Futures odds are offered on championship-deciding games or events such as the college football national championship game. Let’s look at futures odds on the 2023 national champion in college football, via FanDuel:

TeamFanDuel Odds
Alabama+160
Georgia+250
Ohio State+300
Clemson+1200
USC+1600
Texas A&M+3000
Michigan+3500
Oklahoma+5000
Miami+8000
Florida+8000

These are the top-10 betting favorites to win the national championship in college football. Alabama is the favorite at +160. These are short odds, as a $100 bet returns just $160 (and your original $100 stake back). Moving down the oddsboard, a $100 bet on Oklahoma at +5000 odds pays out $5,000 (plus your original $100 stake) if the Sooners win the national title. Futures odds are available on teams to win their respective conference championship, too.

Futures odds are also offered on season-ending awards such as the Heisman Trophy. Caesars Sportsbook was dealing Alabama QB Bryce Young as the +300 betting favorite (as of this writing). Young won the Heisman Trophy last year, and a $100 bet on him to repeat returns $300 if he captures the Heisman again. Gaming Today’s Travis Pulver wrote this informative piece suggesting college football bettors should consider longshots instead of Young.

Prop Bets

Prop bets are wagers made on things that aren’t directly tied to the actual outcome of a game. The best example comes in the form of player props. You can bet over or under the number of rushing, receiving, and passing yards a player has in a game.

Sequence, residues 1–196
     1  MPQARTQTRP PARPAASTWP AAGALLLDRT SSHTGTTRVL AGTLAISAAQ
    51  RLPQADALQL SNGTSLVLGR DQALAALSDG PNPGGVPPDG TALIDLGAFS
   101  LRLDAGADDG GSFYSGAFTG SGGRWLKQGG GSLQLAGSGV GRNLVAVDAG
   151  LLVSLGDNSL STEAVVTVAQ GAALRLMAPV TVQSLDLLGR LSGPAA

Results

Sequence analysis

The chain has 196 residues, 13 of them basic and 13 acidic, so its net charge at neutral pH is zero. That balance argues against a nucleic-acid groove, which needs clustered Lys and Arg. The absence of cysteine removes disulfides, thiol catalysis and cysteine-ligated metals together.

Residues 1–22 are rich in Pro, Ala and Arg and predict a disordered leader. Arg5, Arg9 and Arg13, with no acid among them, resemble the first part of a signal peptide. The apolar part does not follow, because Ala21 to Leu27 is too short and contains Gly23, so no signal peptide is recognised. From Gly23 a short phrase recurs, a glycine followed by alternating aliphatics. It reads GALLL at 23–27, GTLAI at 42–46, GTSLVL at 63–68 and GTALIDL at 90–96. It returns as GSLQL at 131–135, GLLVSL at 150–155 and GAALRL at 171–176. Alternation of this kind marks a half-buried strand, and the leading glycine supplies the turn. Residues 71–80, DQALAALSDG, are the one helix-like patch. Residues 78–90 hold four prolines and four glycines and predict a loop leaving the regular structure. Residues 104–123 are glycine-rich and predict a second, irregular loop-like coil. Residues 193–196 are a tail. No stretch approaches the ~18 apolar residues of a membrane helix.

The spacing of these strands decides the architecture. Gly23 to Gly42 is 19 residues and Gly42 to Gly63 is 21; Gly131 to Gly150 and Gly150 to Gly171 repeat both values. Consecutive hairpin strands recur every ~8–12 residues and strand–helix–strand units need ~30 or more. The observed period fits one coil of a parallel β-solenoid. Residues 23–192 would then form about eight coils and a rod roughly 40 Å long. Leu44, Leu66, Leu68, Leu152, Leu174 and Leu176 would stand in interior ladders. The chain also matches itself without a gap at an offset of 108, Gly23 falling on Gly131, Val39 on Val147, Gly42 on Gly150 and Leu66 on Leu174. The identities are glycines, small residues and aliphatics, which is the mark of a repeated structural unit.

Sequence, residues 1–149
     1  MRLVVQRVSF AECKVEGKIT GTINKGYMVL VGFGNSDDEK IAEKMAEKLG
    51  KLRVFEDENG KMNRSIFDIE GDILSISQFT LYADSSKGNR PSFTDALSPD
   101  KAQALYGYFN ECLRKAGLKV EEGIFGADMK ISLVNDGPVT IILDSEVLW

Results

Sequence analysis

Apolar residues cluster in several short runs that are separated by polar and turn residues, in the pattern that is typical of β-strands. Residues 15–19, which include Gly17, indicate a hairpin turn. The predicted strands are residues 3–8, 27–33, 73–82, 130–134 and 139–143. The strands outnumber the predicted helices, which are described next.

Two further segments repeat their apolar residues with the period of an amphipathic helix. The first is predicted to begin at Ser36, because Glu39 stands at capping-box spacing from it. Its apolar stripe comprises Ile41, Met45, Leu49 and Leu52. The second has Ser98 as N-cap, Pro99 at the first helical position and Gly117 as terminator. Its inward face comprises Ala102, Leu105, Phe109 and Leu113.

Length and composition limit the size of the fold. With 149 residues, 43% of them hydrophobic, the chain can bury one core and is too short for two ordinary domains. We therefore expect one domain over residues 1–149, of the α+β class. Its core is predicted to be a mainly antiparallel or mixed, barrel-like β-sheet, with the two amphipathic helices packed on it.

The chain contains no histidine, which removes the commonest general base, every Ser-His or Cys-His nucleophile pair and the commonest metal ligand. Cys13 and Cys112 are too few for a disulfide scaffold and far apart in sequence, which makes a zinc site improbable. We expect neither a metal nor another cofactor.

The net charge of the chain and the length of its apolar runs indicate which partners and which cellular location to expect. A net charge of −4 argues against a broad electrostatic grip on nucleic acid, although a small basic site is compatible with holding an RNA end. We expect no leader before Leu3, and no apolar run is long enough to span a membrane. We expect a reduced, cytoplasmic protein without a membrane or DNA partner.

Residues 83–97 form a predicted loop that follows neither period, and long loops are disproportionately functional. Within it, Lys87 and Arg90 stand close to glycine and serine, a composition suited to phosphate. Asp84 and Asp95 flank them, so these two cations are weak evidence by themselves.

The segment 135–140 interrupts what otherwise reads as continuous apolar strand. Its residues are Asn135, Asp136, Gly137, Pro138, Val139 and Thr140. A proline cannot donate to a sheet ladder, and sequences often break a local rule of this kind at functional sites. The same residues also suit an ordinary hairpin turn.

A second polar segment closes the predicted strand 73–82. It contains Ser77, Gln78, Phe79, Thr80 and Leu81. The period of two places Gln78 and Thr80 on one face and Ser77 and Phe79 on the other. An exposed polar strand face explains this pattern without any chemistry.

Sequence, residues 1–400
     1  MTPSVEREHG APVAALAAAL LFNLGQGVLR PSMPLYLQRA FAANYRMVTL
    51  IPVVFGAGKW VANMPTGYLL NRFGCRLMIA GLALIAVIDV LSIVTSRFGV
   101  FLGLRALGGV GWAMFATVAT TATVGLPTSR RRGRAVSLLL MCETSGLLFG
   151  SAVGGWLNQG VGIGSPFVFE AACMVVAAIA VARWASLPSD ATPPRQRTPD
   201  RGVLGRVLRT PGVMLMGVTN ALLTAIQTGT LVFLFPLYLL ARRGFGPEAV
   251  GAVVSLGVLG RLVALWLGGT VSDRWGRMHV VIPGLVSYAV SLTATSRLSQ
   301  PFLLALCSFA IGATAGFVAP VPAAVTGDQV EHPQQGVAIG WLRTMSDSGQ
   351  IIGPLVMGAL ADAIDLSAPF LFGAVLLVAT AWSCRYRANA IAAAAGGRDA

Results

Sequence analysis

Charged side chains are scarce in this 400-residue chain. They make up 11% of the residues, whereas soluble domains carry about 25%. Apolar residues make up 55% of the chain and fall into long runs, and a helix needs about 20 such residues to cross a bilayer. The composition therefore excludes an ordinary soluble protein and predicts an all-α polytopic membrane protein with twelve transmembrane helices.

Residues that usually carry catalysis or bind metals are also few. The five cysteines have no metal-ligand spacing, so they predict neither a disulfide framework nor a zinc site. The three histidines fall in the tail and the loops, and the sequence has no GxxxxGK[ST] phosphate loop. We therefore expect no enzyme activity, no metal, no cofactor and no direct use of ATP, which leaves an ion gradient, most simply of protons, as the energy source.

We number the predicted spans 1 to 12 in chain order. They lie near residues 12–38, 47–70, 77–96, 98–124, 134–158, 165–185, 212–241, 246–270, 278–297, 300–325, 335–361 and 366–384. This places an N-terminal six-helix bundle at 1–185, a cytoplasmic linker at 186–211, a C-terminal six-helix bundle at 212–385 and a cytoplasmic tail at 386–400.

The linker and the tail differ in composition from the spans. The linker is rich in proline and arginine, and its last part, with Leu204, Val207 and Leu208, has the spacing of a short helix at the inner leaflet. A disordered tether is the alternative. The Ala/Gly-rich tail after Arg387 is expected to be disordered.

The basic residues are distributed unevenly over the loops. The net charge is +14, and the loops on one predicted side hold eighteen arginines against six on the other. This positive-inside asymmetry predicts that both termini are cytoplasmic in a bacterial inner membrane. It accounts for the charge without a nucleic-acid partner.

Parlays

With parlay bets, you need to wager on multiple outcomes (a minimum of two) and they all need to be correct to cash the ticket. Let’s look at this two-team parlay from Week 1 of the college football season. 

Parlay Bet: 

$100 to win $260 

Notre Dame (+17) vs. Ohio State  

Florida State (+4) vs. LSU

This parlay ticket cashed after Notre Dame lost 21-10 to Ohio State, and Florida State defeated LSU by a score of 24-23. 

Notre Dame was getting 17 points, and it only lost by 11. Florida State was getting four points, and it won the game outright. Both of our chosen outcomes (or legs) of the parlay were correct. A two-team parlay with standard odds of -110 on both games pays out at 2.6-1.

What if you had a successful three-team parlay? That pays out at 6-1. The more legs you add, the higher the payout you receive. A four-team parlay pays out at 11-1 odds, for example.